Alexander Hamilton Papers

To Alexander Hamilton from Thomas FitzSimons, 14 July 1795

From Thomas FitzSimons

Philada. 14 July 1795

Dear Sir

I ought to have answered your favor of the 10th1 sooner but I have not been able to lay my hand on some papers which would enable me to state the Matter in dispute between Holker & Mr Church2—indeed I have been very much Engaged in Getting Certificates proofs &c to send to England Where I hope to recover the Amount of a Valuable Vessell & Cargo taken from me in 1793.3 Bayard4 writes me that he had selected it as one of the Clearest to be first heared. I will however at any rate send you the dft in a day or two for 4000 dollars that you may suffer no inconvenience on that Acct.

You ask how the treaty stands in public Opinion. As far as I Know it is not very much Approved of tho those who are best Judges of it say very Little about it. The Commercial part except the 12th Article5 is upon the Whole favorable, provided the restriction from Employing our Vessells in What is Called the Coasting Trade in India is not Construed to prevent their taking Cotton from the Coast to China6—if the prohibition goes to that extent it will be a Serious disadvantage. I wish the Compensation for Spoliations7 had been seperated from the treaty, but above all I wish the 12th. article had been better considered being so evidently wrong as to furnish a handle for renderg the Whole unpopular.8 I hope the British will either expunge it altogether or Leave out the prohibiting part. While the War Continues the Americans will Value any intercourse with the British Islands (by treaty) very little. Their Necessitys oblige them to admit our Vessells—the products of their Islands except Rum is too dear to admit of our importing them. The Course at present is to take mony from them for our flour & Lumber & Cary that to the french Islands where it is invested in produce—but independant of the Immede Effect of the War—the West India trade must suffer a Material Revolution if the Islands destroyed by the War are to be Reinstated their dependance on the US must be increased tenfold. They cannot be Supplyd with Lumber Cattle &c from any other Country. At this Moment the Wants of Europe & the Immense advantage Resulting to us from supplying them renders us pretty inattentive to future Contingencys & except by a few Scribblers in the papers who are so ignerant ⟨that they do not know⟩ Where to hit the blot if there is one there is Little said abt it.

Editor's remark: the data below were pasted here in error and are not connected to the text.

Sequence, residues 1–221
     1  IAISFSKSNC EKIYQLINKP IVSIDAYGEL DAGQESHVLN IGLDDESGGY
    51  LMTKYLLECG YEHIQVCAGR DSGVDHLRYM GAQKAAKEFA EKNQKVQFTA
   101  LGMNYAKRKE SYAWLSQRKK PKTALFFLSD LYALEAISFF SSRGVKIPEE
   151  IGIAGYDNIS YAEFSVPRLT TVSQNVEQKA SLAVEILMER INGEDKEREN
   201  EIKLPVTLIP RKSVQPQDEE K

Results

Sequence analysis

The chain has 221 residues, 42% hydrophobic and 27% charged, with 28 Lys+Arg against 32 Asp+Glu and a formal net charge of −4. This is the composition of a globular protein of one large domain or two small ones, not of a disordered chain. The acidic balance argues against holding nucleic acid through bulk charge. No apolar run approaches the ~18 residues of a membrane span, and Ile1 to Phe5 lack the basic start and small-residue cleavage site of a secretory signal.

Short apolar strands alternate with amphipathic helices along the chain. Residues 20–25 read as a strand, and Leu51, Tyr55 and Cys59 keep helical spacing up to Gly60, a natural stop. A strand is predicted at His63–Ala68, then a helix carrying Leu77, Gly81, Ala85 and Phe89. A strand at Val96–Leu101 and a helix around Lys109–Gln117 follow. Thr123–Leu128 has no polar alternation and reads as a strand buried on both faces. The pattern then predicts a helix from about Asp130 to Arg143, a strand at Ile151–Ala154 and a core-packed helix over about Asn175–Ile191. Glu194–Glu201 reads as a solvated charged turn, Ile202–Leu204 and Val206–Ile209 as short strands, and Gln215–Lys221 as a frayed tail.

⟨W⟩ith Real Regard I am   Dear Sir   Yr Mo hble servt

Thos FitzSimons

A Hamilton Esqr.

ALS, Hamilton Papers, Library of Congress.

1Letter not found.

2John Holker was a Philadelphia merchant and speculator who during the American Revolution was French consul in Philadelphia and agent for supplying the French navy. John B. Church was the husband of Elizabeth Hamilton’s sister Angelica and was at this time living in England. For the “matter in dispute” between Holker and Church, see H to John Chaloner, June 11, 1793. See also FitzSimons to H, March 21, 1795. In this controversy FitzSimons represented Holker, and H was Church’s representative.

3This is presumably a reference to the Sally, which was owned by FitzSimons. The Sally was captured by the British on March 4, 1794 (not 1793, as stated by FitzSimons), and condemned at Bermuda on May 9, 1794. See Moore, International Adjudications description begins John Bassett Moore, ed., International Adjudications: Ancient and Modern, History and Documents, Together with Mediatorial Reports, Advisory Opinions, and the Decisions of Domestic Commissions, on International Claims (New York, 1929–1936). description ends , IV, 459–63. See also Edmund Randolph to H, January 5, 23, 1795.

4Soon after his arrival in London in the summer of 1794 to negotiate what became known as the Jay Treaty, John Jay proposed that the United States send an agent to England to represent United States citizens in cases before English prize courts. This suggestion was accepted, and Samuel Bayard, a lawyer of Philadelphia, was appointed to the position. Bayard arrived in London on December 11, 1794.

6This is a reference to the provisions of Article 13 of the Jay Treaty. For this article, see “Remarks on the Treaty … between the United States and Great Britain,” July 9–11, 1795, note 54.

7This is a reference to the provisions in Article 7 of the Jay Treaty. For Article 7, see “Remarks on the Treaty … between the United States and Great Britain,” July 9–11, 1795, note 39.

8For the Senate’s action on Article 12, see H to King, June 11, 1795, note 3.

Index Entries